Transformation
Staff members select something from nature that they
feel connects with their goals: a feather, flower, branch, etc. In a series of
exercises, they explore the object with different art media before settling into
the final rendering. The aim is to experience a transformation of the object
through careful observation and experimentation, symbolic of the transformation
that occurs in students. Here are the steps of the process:
1. Place the
object on a piece of white paper.
2. With graphite, create an observational
drawing of the object.
3. Experiment with colored pencil as a tool.
4.
Apply colored-pencil techniques to color drawings of various parts of the
object.
5. Experiment with collage materials to render the shapes and
textures of the object.
6. Integrate graphite, colored pencil, and collage
media to create the final rendering of the object.
7. Write hopes/goals on
paper and attach them to the artwork.

 

In the space of the
sky

Staff members imagine and express their desires by observing the open
space of the sky. In a quick field trip outside, they look up to the sky and
make written and drawn notes of what they see. They allow their imagination to
contemplate the infinite space above and expand their thinking about the
possibilities for the coming year.

Teachers and administrators then
return indoors and select images that express their aspirations from their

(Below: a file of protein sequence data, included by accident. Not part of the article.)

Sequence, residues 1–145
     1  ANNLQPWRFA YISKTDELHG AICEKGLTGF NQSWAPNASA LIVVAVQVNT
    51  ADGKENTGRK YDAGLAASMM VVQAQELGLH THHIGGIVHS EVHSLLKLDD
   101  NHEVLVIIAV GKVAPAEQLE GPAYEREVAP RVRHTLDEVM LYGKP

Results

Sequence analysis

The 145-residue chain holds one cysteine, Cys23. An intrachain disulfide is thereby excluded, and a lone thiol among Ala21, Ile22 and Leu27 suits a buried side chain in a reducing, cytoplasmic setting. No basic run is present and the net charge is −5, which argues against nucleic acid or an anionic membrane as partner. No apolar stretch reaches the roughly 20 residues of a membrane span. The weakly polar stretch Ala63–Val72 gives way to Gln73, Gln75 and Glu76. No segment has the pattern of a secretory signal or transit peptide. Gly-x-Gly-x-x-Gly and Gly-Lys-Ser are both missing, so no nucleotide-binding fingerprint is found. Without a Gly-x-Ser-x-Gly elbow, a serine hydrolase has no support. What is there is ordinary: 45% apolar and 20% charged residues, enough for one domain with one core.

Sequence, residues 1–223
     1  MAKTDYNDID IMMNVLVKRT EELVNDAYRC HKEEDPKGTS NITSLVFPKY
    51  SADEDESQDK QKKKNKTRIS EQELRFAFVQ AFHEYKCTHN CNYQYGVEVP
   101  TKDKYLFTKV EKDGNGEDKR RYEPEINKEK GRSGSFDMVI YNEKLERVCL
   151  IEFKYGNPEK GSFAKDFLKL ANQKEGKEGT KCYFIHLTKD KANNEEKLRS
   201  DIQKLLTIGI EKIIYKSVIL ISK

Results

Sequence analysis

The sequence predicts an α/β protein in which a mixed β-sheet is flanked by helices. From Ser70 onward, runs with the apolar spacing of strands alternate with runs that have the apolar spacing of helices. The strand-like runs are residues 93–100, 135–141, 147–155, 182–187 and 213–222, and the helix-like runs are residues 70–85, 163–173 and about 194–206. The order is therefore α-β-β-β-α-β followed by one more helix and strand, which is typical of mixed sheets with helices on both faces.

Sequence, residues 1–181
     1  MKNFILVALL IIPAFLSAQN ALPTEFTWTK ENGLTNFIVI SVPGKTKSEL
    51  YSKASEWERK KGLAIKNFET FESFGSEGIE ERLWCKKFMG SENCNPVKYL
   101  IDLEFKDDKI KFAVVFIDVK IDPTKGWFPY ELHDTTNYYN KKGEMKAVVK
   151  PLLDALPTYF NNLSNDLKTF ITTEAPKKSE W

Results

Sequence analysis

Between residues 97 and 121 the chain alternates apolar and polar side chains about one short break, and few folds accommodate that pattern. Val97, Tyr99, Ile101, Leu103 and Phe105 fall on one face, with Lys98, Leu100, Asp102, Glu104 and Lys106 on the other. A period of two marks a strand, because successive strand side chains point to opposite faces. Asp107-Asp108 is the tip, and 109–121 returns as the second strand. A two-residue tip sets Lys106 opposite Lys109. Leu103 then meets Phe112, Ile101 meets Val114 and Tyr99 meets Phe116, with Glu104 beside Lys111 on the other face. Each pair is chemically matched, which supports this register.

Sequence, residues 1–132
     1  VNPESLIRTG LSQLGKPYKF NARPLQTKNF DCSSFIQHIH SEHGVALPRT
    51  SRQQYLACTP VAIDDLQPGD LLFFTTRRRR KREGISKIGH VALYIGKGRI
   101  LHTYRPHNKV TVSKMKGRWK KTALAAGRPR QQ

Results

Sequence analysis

notes. They create watercolor washes that reflect the sky background. Then
collaged and drawn images are placed into the wash. The resulting artworks look
as if each has taken a piece of the sky and placed it on paper. One of the
teachers drew the chimneys that reached above the trees-as if to let her
aspirations do the same. Aspirations were then written either on the artworks or
placed alongside them.

Poems of hope
This process begins by
immersing everyone in the language of hope. Staff members listen to and
participate in choral readings of poetry such as Maya Angelou’s poem “On the
Pulse of the Morning” (below), as well as children’s poems that express dreams
and desires. These readings are followed by a watercolor process in which
participants let the colors make their own forms on the soaked watercolor paper
and identify shapes that suggest an inspiring image. The shapes may be brought
forward with additional color. Participants attach their paintings to their
written hopes for the year, and end the process by sharing those hopes/goals with each
other.

From Maya Angelou’s
“On the Pulse of the
Morning”
Here on the pulse of this new day
You may have the grace to look
up and out
And into your sister’s eyes, into
Your brother’s face, your
country
And say simply
Very simply
With hope
Good
morning.

Erin Klug taught 7th and 8th graders at New City School in
Minneapolis, and is now a
Developmental Designs consultant for
Origins.

This article first appeared in Developmental Designs: A Middle Level Newsletter, Fall 2010

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